Samsung, South Korea Team Up To Build Robots That Will Replace Human Workers

An article published on October 21st, 2015 in the Tech Times,, describes how Samsung has received an investment of $14.8 million from the government of South Korea to develop robots that can perform complex tasks in factories and compete with the cheap labor rates of China. Many smartphone manufacturers, including Samsung, are dependent on cheap Chinese labor for manufacturing many of their products. However, the increasing labor costs of Chinese workers has been negatively affecting many of these company’s profits. Increasing labor costs in China is one of the main reasons why Samsung is making the switch to automated factories. The South Korean Ministry stated, “Once affordable robots reach the market and are more widely used, it can lead to the creation of ‘smart factories’ and bring about far-reaching innovations to the manufacturing sector.” In 2014 robot sales increased by 29% over 2013 and were at their highest level ever at 229,261 units. Even with that, only 10% of manufacturing processes are done by robots, but that number is estimated to double by 2025. The South Korean Ministry is claiming that if Samsung successfully develops robots that can perform complex human tasks, then the dependence on cheap Chinese labor will decrease over time, not only in South Korea but also in other parts of the world.

Will Samsung be able to develop robots to successfully manufacture smart phones? If so, what impact will that have on the smartphone and tablet industries? What impact will this have on the Chinese manufacturing sector? Is this the fate of any other future industries?

TRANS-PACIFIC PARTNERSHIP Benefits to U.S. Agriculture

An article published on October 16th, 2015 by the United States Department of Agriculture,, describes how the TPP will provide significant new market opportunities for United States exporters. The TPP will promote economic growth in the Asia-Pacific region, which will increase the demand for U.S. food and agriculture products. In specific, the TPP strengthens trade rules and provides new market access for US exports to Japan, Malaysia, Vietnam, New Zealand, and Brunei. Without the TPP, US alcohol exports to the TPP region face a competitive disadvantage and are subject to many duties and tariffs. The US exported $579 million of wine, $359 million of beer, and $539 million of distilled spirits to countries in the TPP region in 2014. Of that, the US exported $2.9 million in alcoholic beverages to Malaysia. Malaysia’s current import duties for wine range from $2.08-$25.58 per liter, for beer are $1.18 per liter, and for distilled spirits they range from $0.71-$22.04 per liter. Under the current agreement, all of the import duties for alcoholic beverages entering into Malaysia will be eliminated 16 years after the agreement is ratified. This could have a significant impact not only on the Malaysian and the United States economy, but also on all of the other countries that Malaysia imports their alcoholic beverages from.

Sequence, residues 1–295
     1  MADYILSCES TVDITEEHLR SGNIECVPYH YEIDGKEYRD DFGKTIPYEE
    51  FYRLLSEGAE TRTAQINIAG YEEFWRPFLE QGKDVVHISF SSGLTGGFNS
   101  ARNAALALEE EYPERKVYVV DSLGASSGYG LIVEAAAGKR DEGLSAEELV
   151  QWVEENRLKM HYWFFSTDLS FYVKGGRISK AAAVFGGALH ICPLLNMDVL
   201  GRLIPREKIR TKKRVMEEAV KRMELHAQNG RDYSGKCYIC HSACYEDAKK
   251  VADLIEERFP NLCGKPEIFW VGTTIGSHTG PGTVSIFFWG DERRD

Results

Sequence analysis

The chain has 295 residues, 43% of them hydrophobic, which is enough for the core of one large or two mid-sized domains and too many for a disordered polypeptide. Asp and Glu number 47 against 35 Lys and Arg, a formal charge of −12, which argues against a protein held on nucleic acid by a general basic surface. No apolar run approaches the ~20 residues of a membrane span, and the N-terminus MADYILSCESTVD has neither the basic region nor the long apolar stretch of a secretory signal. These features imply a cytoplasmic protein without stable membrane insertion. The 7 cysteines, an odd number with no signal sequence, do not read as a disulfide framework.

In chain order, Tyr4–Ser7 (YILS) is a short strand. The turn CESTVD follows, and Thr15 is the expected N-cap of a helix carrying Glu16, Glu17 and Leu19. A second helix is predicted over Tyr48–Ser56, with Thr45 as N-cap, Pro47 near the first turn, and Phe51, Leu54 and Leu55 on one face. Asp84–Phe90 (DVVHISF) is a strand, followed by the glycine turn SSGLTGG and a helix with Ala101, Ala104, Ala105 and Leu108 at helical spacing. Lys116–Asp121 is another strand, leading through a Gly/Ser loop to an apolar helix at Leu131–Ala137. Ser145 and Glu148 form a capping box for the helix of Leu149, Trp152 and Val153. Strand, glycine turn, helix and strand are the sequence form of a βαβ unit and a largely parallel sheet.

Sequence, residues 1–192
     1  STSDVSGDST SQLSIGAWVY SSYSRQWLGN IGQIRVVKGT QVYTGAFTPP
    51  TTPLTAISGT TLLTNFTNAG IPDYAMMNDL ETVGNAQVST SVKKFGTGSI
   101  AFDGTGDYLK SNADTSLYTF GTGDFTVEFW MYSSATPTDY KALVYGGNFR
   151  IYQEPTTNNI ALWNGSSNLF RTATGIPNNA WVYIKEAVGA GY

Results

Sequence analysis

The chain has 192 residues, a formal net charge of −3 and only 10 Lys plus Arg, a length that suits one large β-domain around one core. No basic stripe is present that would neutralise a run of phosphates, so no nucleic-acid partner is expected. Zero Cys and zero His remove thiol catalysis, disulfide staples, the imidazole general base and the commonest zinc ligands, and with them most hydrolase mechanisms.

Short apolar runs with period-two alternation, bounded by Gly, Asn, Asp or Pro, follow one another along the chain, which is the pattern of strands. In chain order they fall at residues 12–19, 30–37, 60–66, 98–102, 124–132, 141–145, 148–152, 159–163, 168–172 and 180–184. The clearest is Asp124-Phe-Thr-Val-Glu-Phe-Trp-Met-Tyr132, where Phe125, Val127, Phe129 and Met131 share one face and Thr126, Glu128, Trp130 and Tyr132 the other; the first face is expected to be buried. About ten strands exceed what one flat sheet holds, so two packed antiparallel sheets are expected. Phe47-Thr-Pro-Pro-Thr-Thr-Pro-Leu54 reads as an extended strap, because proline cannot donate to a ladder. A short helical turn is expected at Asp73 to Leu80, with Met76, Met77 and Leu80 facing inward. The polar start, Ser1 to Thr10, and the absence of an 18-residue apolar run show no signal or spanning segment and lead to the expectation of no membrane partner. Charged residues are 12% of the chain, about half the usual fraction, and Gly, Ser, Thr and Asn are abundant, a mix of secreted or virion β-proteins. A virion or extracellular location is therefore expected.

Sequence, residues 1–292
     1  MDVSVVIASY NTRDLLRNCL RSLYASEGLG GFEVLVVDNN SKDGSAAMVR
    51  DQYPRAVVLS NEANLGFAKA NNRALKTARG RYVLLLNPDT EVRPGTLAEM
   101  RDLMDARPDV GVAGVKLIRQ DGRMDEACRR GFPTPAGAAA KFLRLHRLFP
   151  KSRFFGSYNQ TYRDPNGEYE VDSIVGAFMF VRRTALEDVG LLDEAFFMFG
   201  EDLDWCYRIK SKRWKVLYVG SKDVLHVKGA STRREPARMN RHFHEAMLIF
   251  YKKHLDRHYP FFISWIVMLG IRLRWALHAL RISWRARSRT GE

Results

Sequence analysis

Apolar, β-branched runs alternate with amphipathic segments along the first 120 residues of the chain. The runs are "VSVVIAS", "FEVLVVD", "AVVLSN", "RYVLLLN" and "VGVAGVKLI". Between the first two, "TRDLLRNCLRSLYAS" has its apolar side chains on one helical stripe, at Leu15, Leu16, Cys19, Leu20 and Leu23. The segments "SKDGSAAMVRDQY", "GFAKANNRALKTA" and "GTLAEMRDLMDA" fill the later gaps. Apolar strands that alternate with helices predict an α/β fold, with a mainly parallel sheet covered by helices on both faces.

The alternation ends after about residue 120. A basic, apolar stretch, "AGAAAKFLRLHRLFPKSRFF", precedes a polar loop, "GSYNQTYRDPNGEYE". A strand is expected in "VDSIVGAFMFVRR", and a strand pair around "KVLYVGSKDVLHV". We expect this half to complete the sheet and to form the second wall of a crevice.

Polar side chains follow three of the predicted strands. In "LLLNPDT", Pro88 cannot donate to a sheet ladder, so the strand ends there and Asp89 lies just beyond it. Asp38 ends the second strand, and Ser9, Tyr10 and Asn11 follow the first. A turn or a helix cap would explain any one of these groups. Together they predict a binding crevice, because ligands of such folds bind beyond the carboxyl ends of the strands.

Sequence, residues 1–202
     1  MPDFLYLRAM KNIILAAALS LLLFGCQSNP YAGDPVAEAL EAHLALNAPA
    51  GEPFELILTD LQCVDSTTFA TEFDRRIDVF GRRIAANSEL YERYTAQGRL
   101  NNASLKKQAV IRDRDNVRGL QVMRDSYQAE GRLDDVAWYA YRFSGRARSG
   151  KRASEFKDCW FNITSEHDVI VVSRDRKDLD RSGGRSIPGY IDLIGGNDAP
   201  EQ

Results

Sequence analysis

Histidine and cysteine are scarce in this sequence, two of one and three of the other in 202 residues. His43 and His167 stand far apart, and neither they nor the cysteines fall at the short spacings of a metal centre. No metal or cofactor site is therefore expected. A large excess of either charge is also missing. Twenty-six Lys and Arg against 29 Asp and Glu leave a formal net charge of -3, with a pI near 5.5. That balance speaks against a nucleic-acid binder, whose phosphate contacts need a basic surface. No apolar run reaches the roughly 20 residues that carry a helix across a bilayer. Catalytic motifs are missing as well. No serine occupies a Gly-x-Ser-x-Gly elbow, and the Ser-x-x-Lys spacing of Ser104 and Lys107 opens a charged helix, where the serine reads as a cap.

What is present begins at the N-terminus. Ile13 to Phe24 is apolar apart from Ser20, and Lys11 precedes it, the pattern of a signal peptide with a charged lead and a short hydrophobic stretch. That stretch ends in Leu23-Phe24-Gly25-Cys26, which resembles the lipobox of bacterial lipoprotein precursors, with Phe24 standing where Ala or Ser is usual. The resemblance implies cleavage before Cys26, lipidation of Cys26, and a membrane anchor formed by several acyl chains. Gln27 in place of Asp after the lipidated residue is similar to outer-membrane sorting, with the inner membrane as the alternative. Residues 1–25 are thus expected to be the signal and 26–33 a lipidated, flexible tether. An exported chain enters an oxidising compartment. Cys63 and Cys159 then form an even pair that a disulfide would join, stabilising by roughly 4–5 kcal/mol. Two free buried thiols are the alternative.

What impact will this have on Malaysia’s economy? How will Malaysia’s domestic alcohol industry be affected by the TPP? Will the US and other countries have an opportunity to export significantly more alcohol to Malaysia?

The Push for Smart Manufacturing

In the article “Five Trends Driving the Movement Toward Smart Manufacturing” (, the top five trends behind the surge of smart manufacturing, and their descriptions, are analyzed. The first of the five trends is “distributed manufacturing.” In the manufacturing industry today, many companies outsource their critical manufacturing process to third parties. This often creates instances of miscommunication, loss of products, or other manufacturing mishaps. With a centralized hub that smart manufacturing provides, verifying all processes being conducted would be effortless and communication problems would be avoided. Smart Manufacturing also instills the ability to do virtual manufacturing, in which “demand fluctuations in Asia can trigger demand signals to devices and parties all the way up to n-tier suppliers.” The third trend analyzed is a “thirst for data and visibility. Essentially, this entails the ability to monitor and track product progress and location in real time. “Managing by Exception” is the fourth trend proposed in this article, and is characterized by the ability to automate process, flag issues, and escalate as necessary. While human interaction will still be needed to solve many of these problems, finding and monitoring progress of these mishaps can be done quickly and more effectively. Lastly, 3D printing is the fifth trend proposed. 3D printing effectively gives the manufacturer the ability to create custom products at a faster and more efficient pace.